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Intersection of Life and Faith

The Beat Goes On

  • Andree Farias CCM Magazine
  • 2007 11 Nov
  • COMMENTS
The Beat Goes On

For all the flak that redemptive hip-hop gets for its apparent inability to break into the Christian market’s mainstream, the genre is doing a lot of things right. In the following report, CCM gets to the bottom of what tireless emcees, crews and ministers are doing to keep the hip-hop game alive—in the streets, in the sanctuary, or both.  …

It’s an exciting time to be in faith-fueled hip-hop. Cynics complain all the time, but now, more than ever before, the table is set for the genre to not only rise and shine, but to become a force to be reckoned with.

And this just as mainstream hip-hop seems to have become a sinking ship. After years of declining quality and poor lyrical substance, audiences are fed up—and tired of not being fed. In a sobering article titled “Hip-hop’s Down Beat,” TIME magazine recently shed eye-opening truths about the once goldmine of recorded music. To wit:

  • Music in general is experiencing a downtrend, but rap is the one genre falling the fastest—as of August of this year, rap sales were down 33 percent compared to the entire industry’s 15 percent dip.
  • The best-selling album of 2003 was 50 Cent’s Get Rich or Die Tryin’; a few short years later, not one rap album even made Billboard's year-end Top 10 for 2006.
  • Hip-hop moguls such as Russell Simmons are calling for the banning of certain offensive words from rap’s vernacular.
  • Former hip-hop heavyweight Master P has vowed to not curse in his recordings and even started a new label, Take a Stand Records, to promote positive hip-hop acts.

What’s going on here? Is hip-hop finally cleaning up its act? Could this change of tune be the beginning of a new era? TIME certainly thinks so, but the reality of faith-based hip-hop—with its various factions, stylistic inclinations and mission statements—is too multifaceted to simply assume a blanket renaissance across the board.

For the few rappers with their sights currently set on a general market, this recent paradigm shift, however potent it might be, is certainly good news, as it opens up avenues for their music to be discovered. At the very least, the change in mentality affords them an opportunity to be a part of the solution.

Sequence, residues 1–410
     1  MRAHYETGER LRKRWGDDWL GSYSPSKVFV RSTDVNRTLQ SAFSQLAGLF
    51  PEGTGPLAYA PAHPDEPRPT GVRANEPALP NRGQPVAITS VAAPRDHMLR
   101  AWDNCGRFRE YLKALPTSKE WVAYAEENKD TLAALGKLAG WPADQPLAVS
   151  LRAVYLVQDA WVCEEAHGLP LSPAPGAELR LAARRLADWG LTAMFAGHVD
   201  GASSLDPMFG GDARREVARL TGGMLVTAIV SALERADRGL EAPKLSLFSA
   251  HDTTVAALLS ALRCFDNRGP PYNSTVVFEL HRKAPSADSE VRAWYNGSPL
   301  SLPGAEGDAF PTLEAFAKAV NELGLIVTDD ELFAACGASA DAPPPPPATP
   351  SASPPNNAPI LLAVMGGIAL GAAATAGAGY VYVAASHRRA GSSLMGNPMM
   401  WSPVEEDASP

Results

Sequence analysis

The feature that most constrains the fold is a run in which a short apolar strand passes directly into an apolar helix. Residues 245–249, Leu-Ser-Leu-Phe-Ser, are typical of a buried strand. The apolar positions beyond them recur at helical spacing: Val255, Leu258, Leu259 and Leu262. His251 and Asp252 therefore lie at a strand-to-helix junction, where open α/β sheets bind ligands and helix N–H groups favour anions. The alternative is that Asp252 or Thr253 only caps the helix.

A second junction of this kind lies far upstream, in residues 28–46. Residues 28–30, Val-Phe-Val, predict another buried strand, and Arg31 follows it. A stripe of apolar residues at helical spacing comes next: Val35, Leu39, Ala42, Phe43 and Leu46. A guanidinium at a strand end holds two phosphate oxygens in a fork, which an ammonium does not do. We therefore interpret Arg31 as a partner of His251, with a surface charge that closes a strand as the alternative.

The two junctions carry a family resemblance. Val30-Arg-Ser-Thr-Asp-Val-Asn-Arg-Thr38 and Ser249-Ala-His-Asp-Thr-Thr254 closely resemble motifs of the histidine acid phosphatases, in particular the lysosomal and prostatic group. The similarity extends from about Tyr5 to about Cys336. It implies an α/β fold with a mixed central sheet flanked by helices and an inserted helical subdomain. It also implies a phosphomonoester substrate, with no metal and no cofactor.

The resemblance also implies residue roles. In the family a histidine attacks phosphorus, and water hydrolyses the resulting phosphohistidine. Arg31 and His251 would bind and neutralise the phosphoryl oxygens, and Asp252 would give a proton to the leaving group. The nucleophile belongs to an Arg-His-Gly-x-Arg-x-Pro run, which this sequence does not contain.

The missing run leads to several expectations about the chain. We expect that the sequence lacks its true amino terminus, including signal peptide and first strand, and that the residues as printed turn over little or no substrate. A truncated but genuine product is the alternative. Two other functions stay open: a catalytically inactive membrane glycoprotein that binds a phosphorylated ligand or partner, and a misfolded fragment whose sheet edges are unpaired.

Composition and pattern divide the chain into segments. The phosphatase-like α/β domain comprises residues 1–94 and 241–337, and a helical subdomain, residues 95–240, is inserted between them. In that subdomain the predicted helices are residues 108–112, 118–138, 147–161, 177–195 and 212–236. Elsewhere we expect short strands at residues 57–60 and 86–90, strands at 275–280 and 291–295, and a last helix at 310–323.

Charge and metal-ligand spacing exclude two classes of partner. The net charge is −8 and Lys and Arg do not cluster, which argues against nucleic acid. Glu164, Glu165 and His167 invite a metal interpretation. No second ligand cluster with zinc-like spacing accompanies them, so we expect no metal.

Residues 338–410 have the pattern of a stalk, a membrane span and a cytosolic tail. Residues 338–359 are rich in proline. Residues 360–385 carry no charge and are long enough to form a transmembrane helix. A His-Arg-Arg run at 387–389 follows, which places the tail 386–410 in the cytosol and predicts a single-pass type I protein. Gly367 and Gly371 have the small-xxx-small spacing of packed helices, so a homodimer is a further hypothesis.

“I don't personally feel my music is a way for a person to find salvation,” says Ohmega Watts, an up-and-coming emcee who belongs to this new wave of faith-informed hip-hop. “My music is simply a tool in the many workings of Christ’s body to challenge people.”

It’s an idyllic thought, but Christendom’s hip-hop isn’t as separate-but-equal as it would like to be. While faith remains the common bond of every artist, some are in it exclusively to preach the Gospel, even if there’s no money to be made off of it. Others are in it for the art and self-expression, making hip-hop that’s socially relevant yet not overt in its convictions. And many straddle the fence between the two, trying to strike a sensible balance between ministry and commerce.

Whether you call it gospel rap, Christian hip-hop, urban inspirational rap, faith-based hip-hop, or the most daring label—holy hip-hop—it’s a complex genre to unravel. These different segments don’t always talk or support each other; more often than not, they toil independently, and each has their own idea of what Christ-honoring hip-hop should be.

There are people like the legendary Kurtis Blow, one of the founding fathers of rap as the world knows it and now a hip-hop minister in New York. He takes a hard-line, black-and-white approach to what a faith-fueled rapper should be: “A Christian rapper is someone who raps about Christ,” he says bluntly.

Conversely, artists like Southern emcee Pettidee aren’t as narrow in their definition, yet ministry is still part of their focus. “If I get onstage and sing five songs and none of them have ‘Jesus’ in them, but then I make an altar call and 30 kids get saved, that’s where it’s at,” he says.

The third splinter group is the one Ohmega Watts belongs t the underground crowd. These cats love Christ, but they don’t necessarily feel called to rap in an evangelistic way. They may even consider their craft their ministry, yet they’re more concerned with making life connections than with preaching. “Whatever [religion] you are, your life is gonna come out in your music,” goes a blurb on longtime backpacker Playdough’s MySpace page. “If they respect me as an emcee, they’ll respect my opinions on other things.”

And how far will this approach take them? “I really think that there’s going to be an artist sooner than later that’s really going to be able to find a middle ground between having wholesome Christian values in the music, but at the same time being accessible to those outside of church,” says William “Crisis” Holt, producer for GRITS and other urban artists.

It doesn’t end there. Of all these artists, some have record deals and some do not. Some play in churches, while others stick to the club circuit. Some live off of hip-hop, and others are always broke—forced to supplement their income via regular jobs. Some tour nonstop, while others do shows whenever there’s an open slot in the local hole-in-the-wall.